Financial & Legal News

The BBC gender pay gap – and the call for businesses to equalise pay

  • Posted on

The BBC's recent revelations about their gender pay gap is shining a light on the issue of equal pay.

Last week, the BBC published the salaries of 96 stars who earn more than £150,000. Claudia Winkleman was one of the few women to appear in the top 10 - and her £450k salary paled in comparison to the top earner’s £2m+ take home pay.

As intended by the government when it insisted on publication of the salaries, the disparity between the BBC’s salaries for men and women shines a very bright light on the gender pay gap. Not surprisingly, high-profile female employees at the BBC have now called for the BBC to ensure women are given equal pay for the same work.

Larger companies are legally bound to disclose their gender pay gap

Regular readers of our blog will know that new gender pay gap laws were introduced earlier this year. These new laws, (set out in The Equality Act 2010 (Gender Pay Gap Information) Regulations 2017), force larger companies to report on the pay gap within their organisations. Employers with 250 or more employees in the private and voluntary sectors must calculate the difference between men's and women's average hourly pay. They then have to publish the results on both their own and a government website.

A difficult time ahead?

A difficult time lies ahead for the BBC as they seek to regulate their pay packages to ensure women are treated the same as men.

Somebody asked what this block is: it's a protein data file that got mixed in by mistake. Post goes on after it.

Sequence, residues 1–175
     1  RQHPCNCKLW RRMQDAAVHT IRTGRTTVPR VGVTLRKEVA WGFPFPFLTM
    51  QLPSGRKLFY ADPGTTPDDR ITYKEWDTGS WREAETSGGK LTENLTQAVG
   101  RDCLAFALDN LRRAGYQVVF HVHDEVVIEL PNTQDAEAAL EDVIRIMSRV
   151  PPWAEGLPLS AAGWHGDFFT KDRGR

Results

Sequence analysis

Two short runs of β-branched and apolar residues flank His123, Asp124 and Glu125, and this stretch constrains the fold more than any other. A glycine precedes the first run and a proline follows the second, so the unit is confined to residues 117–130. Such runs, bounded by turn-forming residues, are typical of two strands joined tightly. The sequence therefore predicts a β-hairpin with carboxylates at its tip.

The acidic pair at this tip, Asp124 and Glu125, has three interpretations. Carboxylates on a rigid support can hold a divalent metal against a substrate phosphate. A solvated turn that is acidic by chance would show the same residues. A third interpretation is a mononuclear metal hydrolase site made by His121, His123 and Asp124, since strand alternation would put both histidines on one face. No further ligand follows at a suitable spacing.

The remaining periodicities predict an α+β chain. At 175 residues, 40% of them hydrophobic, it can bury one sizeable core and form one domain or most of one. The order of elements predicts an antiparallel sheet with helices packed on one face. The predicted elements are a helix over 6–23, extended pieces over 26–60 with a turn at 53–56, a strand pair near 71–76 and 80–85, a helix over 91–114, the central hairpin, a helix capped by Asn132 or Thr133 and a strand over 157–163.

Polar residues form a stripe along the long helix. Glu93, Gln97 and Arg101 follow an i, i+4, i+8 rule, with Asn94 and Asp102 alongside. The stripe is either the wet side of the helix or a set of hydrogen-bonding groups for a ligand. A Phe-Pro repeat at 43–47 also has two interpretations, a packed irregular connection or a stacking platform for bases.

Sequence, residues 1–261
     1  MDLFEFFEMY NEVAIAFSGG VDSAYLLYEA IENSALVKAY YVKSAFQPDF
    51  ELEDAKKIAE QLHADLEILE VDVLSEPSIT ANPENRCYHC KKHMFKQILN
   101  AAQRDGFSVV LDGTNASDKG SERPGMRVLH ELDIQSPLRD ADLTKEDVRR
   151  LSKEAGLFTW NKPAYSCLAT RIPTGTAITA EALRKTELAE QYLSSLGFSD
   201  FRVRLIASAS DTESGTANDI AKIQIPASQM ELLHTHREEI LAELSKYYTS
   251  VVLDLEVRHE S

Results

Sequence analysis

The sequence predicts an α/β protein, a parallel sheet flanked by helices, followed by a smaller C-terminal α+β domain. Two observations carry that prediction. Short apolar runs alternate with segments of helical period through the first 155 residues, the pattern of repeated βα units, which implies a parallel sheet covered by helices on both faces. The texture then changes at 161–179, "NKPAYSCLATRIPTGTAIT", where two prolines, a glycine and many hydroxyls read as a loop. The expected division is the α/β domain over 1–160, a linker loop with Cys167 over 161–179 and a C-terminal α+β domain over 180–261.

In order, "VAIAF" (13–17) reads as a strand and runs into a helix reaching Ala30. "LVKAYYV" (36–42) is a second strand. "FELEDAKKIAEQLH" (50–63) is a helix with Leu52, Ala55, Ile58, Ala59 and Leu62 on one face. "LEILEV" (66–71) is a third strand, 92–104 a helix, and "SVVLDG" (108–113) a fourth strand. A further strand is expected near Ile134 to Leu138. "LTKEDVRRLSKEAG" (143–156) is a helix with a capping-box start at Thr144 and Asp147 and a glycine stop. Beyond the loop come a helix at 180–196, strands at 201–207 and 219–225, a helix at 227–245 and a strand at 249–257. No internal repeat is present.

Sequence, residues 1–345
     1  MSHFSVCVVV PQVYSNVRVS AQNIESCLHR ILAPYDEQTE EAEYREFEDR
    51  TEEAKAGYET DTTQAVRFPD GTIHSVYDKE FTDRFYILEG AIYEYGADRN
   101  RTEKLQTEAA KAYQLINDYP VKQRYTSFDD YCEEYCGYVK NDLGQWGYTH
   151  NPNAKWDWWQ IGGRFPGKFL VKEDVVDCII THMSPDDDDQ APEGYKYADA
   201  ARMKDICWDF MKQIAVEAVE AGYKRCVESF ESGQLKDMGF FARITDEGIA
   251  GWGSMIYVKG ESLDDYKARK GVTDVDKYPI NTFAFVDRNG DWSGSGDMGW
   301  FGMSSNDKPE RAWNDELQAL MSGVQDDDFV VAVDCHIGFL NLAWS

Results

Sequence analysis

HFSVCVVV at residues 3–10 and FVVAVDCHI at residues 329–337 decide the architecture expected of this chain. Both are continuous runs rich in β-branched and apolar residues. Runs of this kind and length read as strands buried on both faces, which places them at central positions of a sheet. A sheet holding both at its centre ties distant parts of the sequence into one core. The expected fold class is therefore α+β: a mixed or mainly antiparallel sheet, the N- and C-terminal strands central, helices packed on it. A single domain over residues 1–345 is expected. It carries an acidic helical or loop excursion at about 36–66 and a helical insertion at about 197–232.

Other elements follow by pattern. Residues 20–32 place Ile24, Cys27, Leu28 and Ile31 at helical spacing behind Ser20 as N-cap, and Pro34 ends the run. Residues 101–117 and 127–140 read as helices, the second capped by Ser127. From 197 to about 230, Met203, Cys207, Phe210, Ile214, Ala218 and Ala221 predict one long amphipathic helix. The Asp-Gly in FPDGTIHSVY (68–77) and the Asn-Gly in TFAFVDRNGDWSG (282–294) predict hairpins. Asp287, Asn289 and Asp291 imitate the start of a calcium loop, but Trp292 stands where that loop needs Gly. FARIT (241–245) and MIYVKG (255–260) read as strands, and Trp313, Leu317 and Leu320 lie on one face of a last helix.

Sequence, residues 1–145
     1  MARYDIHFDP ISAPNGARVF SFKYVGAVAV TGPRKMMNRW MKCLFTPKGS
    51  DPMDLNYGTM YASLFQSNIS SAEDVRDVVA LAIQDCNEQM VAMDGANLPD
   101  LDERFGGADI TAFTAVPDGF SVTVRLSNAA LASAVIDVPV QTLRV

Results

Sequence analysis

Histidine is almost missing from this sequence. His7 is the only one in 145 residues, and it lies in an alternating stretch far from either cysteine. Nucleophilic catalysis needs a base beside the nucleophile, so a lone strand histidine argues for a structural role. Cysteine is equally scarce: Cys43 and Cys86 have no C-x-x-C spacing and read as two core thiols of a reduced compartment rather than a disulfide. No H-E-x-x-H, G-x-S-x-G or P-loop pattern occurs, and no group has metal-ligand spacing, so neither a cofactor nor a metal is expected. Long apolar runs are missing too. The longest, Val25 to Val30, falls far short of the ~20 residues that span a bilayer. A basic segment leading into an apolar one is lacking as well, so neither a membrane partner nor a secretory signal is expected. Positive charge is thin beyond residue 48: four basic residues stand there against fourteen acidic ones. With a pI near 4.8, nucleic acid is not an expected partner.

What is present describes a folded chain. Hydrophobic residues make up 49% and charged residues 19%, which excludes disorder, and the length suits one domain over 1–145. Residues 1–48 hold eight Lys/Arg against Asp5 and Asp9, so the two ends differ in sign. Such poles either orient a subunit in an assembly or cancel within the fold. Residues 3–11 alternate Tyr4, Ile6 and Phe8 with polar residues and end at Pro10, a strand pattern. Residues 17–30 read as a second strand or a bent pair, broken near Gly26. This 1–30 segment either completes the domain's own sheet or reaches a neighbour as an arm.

In the wider context, the BBC’s publication of its gender pay gap acts as an example which should force other businesses to take the gender pay gap seriously - and eliminate it.

All businesses should act now to equalise pay for men and women

The public’s reaction to the BBC revelations are a sharp warning to all employers. All businesses – not just the larger ones covered by the Gender Pay Gap Regulations - should now be reviewing what they pay men and women. If gaps are found, employers should take swift action to equalise pay for the genders.  Failure to do so will mean, at best, disgruntled staff; at worst, discrimination claims and tribunal hearings.

Help for employers in publishing gender pay details

The government and Acas published a draft guide to help employers on “Managing gender pay reporting in the private and public sectors”.

You can read our checklist for employers on gender pay reporting here.

Further reading

Gender Pay Regulations and their application to group companies - Close the gap") (This article was published in January 2017 before the regulations came into force but gives an outline of the regulations.) 


For more information about gender pay reporting and equal pay claims, contact Susan Mayall on 0161 684 6948 or make an enquiry.

Posted 24 July 2017

Please note that the information and opinions contained in this article are not intended to be comprehensive, nor to provide legal advice. No responsibility for its accuracy or correctness is assumed by Pearson Solicitors and Financial Advisers Ltd or any of its members or employees. Professional legal advice should be obtained before taking, or refraining from taking, any action as a result of this article.

This blog was posted some time ago and its contents may now be out of date. For the latest legal position relating to these issues, get in touch with the author - or make an enquiry now.

    How can we help?

    Please fill in the form and we’ll get back to you as soon as we can.